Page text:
Unidentified Flying Oddball
|Unidentified Flying Oddball|
Theatrical release poster
|Directed by||Russ Mayberry|
|Produced by||Ron Miller|
|Written by||Don Tait|
|Based on||A Connecticut Yankee in King Arthur's Court novel by Mark Twain|
John Le Mesurier
|Music by||Ron Goodwin|
|Edited by||Peter Boita|
|Distributed by||Buena Vista Distribution|
|July 26, 1979|
Unidentified Flying Oddball (also known as The Spaceman and King Arthur and A Spaceman in King Arthur's Court) is a 1979 film adaptation of Mark Twain's A Connecticut Yankee in King Arthur's Court, directed by Russ Mayberry and produced by Walt Disney Productions. Subsequently re-released in the United States under the titles The Spaceman and King Arthur and A Spaceman in King Arthur’s Court, the film starred Dennis Dugan as astronaut Tom Trimble who unintentionally travels back in time with his look-alike android Hermes. Trimble’s NASA spacecraft travels faster than the speed of light, landing him and the android near King Arthur’s Camelot, where – with the aid of their 20th-century technology – they must defeat a plot by the evil Sir Mordred and Merlin to oust King Arthur from the throne.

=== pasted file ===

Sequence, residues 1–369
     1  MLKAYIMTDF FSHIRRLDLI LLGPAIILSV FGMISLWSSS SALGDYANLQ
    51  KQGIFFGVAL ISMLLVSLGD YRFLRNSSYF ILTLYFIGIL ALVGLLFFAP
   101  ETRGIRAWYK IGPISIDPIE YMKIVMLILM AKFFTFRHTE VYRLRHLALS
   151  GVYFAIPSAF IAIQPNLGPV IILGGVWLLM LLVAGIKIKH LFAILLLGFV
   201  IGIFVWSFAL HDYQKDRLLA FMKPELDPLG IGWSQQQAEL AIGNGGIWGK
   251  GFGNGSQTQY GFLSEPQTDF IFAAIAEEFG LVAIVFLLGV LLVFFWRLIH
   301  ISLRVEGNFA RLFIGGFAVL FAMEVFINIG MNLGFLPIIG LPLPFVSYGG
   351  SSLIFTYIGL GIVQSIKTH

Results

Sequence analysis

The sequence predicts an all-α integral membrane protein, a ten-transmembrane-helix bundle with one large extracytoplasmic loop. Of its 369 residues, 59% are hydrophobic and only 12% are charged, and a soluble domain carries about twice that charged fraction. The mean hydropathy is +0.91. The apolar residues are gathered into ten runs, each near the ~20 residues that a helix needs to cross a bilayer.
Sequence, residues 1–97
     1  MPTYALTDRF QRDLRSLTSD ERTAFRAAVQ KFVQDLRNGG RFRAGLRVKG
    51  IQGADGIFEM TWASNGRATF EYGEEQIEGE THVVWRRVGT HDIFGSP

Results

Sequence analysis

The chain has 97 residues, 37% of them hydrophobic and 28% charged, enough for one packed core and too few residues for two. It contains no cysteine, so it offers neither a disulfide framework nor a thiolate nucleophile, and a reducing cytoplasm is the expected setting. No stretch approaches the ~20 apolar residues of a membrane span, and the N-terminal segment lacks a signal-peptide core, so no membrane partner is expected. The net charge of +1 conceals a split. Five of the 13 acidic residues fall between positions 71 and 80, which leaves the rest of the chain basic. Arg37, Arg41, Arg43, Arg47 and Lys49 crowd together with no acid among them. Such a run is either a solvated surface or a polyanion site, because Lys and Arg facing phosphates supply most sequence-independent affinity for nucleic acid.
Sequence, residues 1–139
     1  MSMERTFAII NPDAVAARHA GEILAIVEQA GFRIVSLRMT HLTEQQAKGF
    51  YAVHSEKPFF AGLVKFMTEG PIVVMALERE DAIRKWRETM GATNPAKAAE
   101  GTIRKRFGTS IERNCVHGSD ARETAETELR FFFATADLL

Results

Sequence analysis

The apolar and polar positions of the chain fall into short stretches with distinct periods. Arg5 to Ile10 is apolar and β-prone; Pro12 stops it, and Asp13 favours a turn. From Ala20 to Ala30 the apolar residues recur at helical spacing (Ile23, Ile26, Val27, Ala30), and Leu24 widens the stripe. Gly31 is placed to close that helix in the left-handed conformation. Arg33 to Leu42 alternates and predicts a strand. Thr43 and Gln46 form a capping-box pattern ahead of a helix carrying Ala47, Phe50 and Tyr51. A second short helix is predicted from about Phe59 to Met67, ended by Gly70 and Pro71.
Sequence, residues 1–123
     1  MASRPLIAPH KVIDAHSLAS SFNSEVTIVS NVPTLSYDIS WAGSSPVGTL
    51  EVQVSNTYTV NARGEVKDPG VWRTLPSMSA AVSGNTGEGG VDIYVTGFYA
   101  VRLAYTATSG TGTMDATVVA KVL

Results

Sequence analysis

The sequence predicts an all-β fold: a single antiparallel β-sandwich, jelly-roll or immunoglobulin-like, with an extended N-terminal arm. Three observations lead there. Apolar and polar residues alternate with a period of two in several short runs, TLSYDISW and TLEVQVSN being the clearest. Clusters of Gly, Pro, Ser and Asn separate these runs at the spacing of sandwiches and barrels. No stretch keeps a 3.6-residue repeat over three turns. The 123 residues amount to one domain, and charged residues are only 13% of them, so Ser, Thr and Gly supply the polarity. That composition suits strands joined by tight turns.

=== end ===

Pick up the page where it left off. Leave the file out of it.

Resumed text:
As in Twain's original novel (as well as the 1949 movie adaptation) Merlin is presented as an antagonist.
- Dennis Dugan as Tom Trimble/Hermes
- Jim Dale as Sir Mordred
- Ron Moody as Merlin
- Kenneth More as King Arthur
- John Le Mesurier as Sir Gawain
- Rodney Bewes as Clarence
- Sheila White as Alisande
- Robert Beatty as Senator Milburn
- Cyril Shaps as Dr. Zimmerman
- Kevin Brennan as Winston
- Ewen Solon as Watkins
- Pat Roach as Oaf
- Reg Lye as Prisoner
- Harry Maddison as Character Parts including "chicken seller"
Disney’s A Kid in King Arthur’s Court (1995), likewise based on the aforementioned novel, follows the same premise: a contemporary American male (in this case, an adolescent) travels back in time to the 6th century and King Arthur’s Camelot, impressing the inhabitants with technology from the distant future. Moody again plays Merlin in the film, on this occasion as a more sympathetic character.
- "Unidentified Flying Oddball". American Film Institute. Retrieved 27 November 2015.
- "The Spaceman and King Arthur (Unidentified Flying Oddball)". 26 July 1979. Retrieved 3 November 2014.
|This film article about a 1970s comedy is a stub. You can help Wikipedia by expanding it.|